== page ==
Parents may also struggle to have faith in the effectiveness of TikTok’s “robust array of industry-leading safety features” when their children report watching videos from the likes of Andrew Tate and others promulgating homophobic or misogynistic messages and misinformation.

Add to that the emotional pressure parents experience to let their children get TikTok to avoid them becoming social pariahs among their friends and peers or being bullied.  Weighing up the conflicting potential mental harms caused by their children having or not having TikTok can be fraught and exhausting.

Neither the ICO fine nor TikTok’s safety features seem to address the risks from TikTok’s data processing generally that applies to all users: the app hoovers up data including geolocation, age, content engagement, account follows and topics explored to create valuable and detailed marketing profiles of users.  The ICO’s own report of the TikTok fine and third party reports have all focused on the underage access and consent elements of the breaches, and as the ICO hasn’t yet published its Enforcement Notice, it’s not clear what processing by TikTok amounted to “Failing to ensure that the personal data belonging to its UK users was processed lawfully, fairly and in a transparent manner”.  However, we might speculate that profiling, direct marketing and international transfers carried out by the platform featured in the ICO’s investigation.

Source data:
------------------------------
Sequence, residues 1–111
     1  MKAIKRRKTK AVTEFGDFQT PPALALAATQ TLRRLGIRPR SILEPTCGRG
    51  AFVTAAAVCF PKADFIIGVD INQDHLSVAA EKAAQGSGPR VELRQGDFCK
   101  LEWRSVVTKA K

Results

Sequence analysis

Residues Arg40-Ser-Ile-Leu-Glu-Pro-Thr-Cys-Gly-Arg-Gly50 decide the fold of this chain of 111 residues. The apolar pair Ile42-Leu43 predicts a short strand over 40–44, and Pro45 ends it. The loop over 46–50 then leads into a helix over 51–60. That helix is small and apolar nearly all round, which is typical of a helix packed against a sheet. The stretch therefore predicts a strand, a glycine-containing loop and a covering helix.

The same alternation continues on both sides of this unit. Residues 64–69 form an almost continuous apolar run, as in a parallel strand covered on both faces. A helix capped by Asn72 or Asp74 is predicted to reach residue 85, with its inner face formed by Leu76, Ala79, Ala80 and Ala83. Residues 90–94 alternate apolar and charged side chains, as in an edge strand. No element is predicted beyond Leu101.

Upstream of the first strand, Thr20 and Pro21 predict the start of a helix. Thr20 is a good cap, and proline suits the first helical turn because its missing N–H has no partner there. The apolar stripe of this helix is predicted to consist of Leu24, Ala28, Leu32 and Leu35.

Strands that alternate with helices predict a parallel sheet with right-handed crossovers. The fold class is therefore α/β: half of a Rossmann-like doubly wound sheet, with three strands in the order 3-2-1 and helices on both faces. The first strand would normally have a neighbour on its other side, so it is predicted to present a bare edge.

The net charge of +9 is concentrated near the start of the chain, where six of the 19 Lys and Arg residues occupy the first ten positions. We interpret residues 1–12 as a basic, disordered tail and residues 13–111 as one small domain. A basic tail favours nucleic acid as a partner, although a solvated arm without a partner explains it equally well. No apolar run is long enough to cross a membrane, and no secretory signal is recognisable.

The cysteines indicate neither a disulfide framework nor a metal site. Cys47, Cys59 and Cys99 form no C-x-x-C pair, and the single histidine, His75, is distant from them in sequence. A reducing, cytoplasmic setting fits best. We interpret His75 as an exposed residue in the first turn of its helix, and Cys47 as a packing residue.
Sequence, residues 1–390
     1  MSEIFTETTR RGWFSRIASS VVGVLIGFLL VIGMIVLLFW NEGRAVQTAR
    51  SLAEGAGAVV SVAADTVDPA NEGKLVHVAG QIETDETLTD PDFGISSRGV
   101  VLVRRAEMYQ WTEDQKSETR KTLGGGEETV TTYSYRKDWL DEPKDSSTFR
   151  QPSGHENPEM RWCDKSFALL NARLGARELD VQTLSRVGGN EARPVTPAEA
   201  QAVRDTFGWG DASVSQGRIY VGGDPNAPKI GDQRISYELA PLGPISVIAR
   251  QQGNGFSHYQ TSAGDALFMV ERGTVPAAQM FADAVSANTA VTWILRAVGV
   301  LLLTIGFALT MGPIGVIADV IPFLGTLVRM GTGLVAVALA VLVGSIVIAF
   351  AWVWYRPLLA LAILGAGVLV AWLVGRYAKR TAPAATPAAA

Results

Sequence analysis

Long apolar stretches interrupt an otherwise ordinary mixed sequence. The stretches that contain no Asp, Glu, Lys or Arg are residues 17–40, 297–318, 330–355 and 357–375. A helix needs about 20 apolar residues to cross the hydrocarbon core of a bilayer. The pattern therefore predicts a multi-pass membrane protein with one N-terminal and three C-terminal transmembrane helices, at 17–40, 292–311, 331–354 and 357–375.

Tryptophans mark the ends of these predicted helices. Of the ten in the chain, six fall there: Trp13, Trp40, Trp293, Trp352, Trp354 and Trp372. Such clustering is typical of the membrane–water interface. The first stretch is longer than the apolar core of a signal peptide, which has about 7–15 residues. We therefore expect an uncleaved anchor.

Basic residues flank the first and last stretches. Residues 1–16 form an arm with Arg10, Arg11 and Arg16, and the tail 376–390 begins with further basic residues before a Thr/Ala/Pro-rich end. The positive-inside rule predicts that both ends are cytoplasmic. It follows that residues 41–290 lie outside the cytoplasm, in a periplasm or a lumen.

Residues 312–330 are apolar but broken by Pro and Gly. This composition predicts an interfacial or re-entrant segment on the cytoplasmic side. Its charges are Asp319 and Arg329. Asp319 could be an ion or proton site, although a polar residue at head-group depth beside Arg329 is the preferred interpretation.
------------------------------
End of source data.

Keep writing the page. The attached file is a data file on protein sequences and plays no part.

We also don’t yet know the detail of the “provisional finding related to unlawful use of special category data” that was dropped by the ICO and led to a reduced fine: e.g. what special category data was TikTok using, does TikTok process special category data or not, and if it does, how is it lawful?

Parents’ main concerns about TikTok seem to be (i) the content children are viewing, (ii) the amount of time that children spend looking at it and (iii) the collection and use of children’s data (but not necessarily in that order).  The recent enforcement actions against TikTok seem unlikely to allay these concerns.